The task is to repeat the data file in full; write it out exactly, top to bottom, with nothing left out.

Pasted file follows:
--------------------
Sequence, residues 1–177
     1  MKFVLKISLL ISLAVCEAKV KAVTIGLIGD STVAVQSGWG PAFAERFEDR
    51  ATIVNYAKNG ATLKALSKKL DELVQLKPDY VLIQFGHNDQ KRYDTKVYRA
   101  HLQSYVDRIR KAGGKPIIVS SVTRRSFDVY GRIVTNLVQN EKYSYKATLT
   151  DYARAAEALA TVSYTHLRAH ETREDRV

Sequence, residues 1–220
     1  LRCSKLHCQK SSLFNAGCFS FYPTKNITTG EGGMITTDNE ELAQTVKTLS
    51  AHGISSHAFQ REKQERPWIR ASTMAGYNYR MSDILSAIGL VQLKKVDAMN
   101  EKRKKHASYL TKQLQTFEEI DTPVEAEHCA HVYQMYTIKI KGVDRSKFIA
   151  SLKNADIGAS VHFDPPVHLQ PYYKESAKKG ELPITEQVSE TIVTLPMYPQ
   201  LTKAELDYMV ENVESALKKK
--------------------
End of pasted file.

Sequence, residues 1–177
     1  MKFVLKISLL ISLAVCEAKV KAVTIGLIGD STVAVQSGWG PAFAERFEDR
    51  ATIVNYAKNG ATLKALSKKL DELVQLKPDY VLIQFGHNDQ KRYDTKVYRA
   101  HLQSYVDRIR KAGGKPIIVS SVTRRSFDVY GRIVTNLVQN EKYSYKATLT
   151  DYARAAEALA TVSYTHLRAH ETREDRV

Sequence, residues 1–220
     1  LRCSKLHCQK SSLFNAGCFS FYPTKNITTG EGGMITTDNE ELAQTVKTLS
    51  AHGISSHAFQ REKQERPWIR ASTMAGYNYR MSDILSAIGL VQLKKVDAMN
   101  EKRKKHASYL TKQLQTFEEI DTPVEAEHCA HVYQMYTIKI KGVDRSKFIA
   151  SLKNADIGAS VHFDPPVHLQ PYYKESAKKG ELPITEQVSE TIVTLPMYPQ
   201  LTKAELDYMV ENVESALKKK